Serendipity Gardens: Trees on parade: Autumn has arrived
Published 9:00 am Saturday, September 29, 2018
Serendipity Gardens by Carol Hegel Lang
Carol Hegel Lang is a green thumb residing in Albert Lea. Her column appears biweekly. Email her at firstname.lastname@example.org.
It’s hard to believe that autumn is upon us. The trees have begun their colorful parade and the gardens are coming to an end for me with the sounds of acorns and walnuts falling to the ground with a thud, leaves crunching under my feet as I walk around the yard and watching the milkweed seeds burst open, spewing their next generation. The monarchs are on their long journey to the oyamel forests in Mexico, while the female and juvenile hummingbirds linger a bit longer. A new season begins in the gardens: autumn.
It is time to gather the garden ornaments strewn throughout the gardens and pack them away in the garden shed until next year. Containers that are now past their prime are being emptied every day and some of the annuals that have fallen over from the heavy rains we have had need to be pulled out after I collect seeds from them. This time of the year it is a race against the inclement weather we know will be coming before long. It takes me about three weeks to get everything emptied out and then put in the shed along with cutting down perennials and pulling out annuals. I like to leave some of the rudbeckia and coneflowers with seeds on them for the birds to enjoy over winter, but when I have my lawn service people help with cutting down the gardens sometimes they don’t get saved. I need to get at least two of the Joe-Pye weed plants divided as they encroached on the lilies and consequently it was difficult to see their lovely blooms.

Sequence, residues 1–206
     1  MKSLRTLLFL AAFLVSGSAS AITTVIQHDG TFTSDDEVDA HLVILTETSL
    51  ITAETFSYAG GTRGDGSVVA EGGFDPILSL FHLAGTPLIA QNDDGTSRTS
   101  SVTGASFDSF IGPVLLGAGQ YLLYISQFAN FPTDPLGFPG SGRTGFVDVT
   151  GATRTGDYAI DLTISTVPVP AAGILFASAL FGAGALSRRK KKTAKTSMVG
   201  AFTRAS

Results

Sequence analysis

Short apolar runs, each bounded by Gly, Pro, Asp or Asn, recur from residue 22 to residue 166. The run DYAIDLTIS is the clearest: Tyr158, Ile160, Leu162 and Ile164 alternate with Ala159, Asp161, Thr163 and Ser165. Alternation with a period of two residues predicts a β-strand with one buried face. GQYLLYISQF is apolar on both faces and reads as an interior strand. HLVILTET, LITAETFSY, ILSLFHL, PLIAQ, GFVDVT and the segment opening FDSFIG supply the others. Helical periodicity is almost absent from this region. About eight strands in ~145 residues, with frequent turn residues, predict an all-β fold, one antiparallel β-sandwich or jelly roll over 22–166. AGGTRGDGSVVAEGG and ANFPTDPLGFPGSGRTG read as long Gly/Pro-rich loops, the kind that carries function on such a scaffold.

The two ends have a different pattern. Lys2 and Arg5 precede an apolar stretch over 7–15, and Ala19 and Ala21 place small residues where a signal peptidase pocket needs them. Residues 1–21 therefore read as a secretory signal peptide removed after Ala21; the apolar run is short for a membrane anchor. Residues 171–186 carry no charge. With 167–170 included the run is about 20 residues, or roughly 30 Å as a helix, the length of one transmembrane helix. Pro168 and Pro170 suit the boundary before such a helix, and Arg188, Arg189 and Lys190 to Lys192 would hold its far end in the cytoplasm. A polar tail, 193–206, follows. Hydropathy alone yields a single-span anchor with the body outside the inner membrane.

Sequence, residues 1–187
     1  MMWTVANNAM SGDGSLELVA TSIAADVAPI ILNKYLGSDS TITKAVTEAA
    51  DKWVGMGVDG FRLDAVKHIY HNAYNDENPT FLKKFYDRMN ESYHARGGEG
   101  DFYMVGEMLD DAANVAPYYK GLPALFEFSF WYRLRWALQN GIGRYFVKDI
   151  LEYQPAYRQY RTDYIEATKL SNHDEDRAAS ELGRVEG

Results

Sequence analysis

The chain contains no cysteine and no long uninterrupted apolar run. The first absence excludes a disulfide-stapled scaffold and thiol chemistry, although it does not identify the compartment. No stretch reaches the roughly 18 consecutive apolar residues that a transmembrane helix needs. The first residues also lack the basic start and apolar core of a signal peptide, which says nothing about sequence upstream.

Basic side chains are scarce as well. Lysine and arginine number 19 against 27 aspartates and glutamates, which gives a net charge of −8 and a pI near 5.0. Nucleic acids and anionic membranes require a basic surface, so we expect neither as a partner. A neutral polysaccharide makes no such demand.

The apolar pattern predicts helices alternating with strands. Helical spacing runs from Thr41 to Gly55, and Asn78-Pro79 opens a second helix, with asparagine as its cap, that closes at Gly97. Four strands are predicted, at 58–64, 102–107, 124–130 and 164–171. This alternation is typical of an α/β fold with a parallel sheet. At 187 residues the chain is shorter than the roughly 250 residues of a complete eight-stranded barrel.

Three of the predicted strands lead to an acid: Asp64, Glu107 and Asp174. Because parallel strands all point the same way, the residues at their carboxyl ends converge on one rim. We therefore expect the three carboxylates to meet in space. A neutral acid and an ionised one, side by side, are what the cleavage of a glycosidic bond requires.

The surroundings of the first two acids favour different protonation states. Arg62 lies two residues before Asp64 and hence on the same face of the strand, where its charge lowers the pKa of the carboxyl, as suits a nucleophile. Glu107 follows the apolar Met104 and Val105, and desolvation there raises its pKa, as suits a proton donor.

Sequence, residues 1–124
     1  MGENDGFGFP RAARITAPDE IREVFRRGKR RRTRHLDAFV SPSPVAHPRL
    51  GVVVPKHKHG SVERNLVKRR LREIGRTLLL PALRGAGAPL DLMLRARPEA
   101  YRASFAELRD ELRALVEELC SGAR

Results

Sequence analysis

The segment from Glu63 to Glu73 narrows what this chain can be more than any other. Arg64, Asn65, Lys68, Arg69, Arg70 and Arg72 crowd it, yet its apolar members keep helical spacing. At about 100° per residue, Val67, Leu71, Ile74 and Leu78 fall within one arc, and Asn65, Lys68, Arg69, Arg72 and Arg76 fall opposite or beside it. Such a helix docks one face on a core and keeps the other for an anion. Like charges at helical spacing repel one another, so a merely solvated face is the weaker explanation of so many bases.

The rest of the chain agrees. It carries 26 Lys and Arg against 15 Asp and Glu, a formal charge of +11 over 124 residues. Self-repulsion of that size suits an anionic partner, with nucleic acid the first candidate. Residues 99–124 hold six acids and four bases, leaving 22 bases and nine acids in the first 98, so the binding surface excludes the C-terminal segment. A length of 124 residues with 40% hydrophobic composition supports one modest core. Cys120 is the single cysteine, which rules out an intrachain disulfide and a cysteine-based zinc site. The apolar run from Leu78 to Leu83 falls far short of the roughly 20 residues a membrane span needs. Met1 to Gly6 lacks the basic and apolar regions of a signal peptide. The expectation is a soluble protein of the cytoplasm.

This time of the year in the gardens is always sad for me, as I miss seeing the beautiful blooms and the butterflies that have been a part of my life for the past several months. Notes need to be made in the gardening journals reminding me about which plants to move next spring to another spot in the gardens and what annuals were beautiful and which ones I don’t plan to repeat again next year. I should save the canna lilie,s but my basement is just too warm for them and the garage is too chilly, and they will freeze.
My rose milkweed was a butterfly magnet, and it looks like I will have lots of seeds to share with people who might be interested in adding this plant to their gardens. It has a lovely fragrance when it blooms that draws not only butterflies but also bees. It is quickly becoming one of my favorite plants.
The sweet autumn clematis is blooming, and it has covered the top of the large pergola for the first time. The one on the fence doesn’t seem to bloom as heavily, but it sure does take over a large section of fence along the west end of the wildflower garden. This plant sometimes doesn’t always get a chance to really ‘shine’ in the gardens if we get an early frost because that will put an end to the lovely white blooms.
A couple of years ago I purchased two plants of cimicifuga (black negligee and hillside beauty) and planted one in the back gardens along the west fence where it gets mostly shade while the other one was planted in the front garden with semi-shade provided by the eastern white pine tree. With the pine tree coming down last December, the one in the front garden now has mostly sun, and boy did it ever do well this year. Looks like I need to move the other one to the front garden also. The hummingbirds and bees seem to flock to it, as an added bonus, and it blooms in September, giving me a bit of pizzazz in the late season garden along with the goldenrod and red cannas.
Soon we will have a hard frost and anything is still growing will come to an end. My pepper plants still have peppers on them, so hopefully not too soon.
“After the first autumn rains, how inimitable the beauty of days — the fall colors, not yet faded.” —Virginia Garland